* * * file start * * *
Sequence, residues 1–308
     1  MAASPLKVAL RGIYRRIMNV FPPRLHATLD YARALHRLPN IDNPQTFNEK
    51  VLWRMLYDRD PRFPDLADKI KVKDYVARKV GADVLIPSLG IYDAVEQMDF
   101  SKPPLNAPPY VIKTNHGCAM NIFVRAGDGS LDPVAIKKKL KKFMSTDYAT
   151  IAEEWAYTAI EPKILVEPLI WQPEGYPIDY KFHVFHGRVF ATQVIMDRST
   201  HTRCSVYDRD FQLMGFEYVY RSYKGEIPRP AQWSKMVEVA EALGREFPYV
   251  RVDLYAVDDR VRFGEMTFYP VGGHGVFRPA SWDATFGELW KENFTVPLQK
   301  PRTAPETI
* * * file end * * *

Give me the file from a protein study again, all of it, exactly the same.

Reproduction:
Sequence, residues 1–308
     1  MAASPLKVAL RGIYRRIMNV FPPRLHATLD YARALHRLPN IDNPQTFNEK
    51  VLWRMLYDRD PRFPDLADKI KVKDYVARKV GADVLIPSLG IYDAVEQMDF
   101  SKPPLNAPPY VIKTNHGCAM NIFVRAGDGS LDPVAIKKKL KKFMSTDYAT
   151  IAEEWAYTAI EPKILVEPLI WQPEGYPIDY KFHVFHGRVF ATQVIMDRST
   201  HTRCSVYDRD FQLMGFEYVY RSYKGEIPRP AQWSKMVEVA EALGREFPYV
   251  RVDLYAVDDR VRFGEMTFYP VGGHGVFRPA SWDATFGELW KENFTVPLQK
   301  PRTAPETI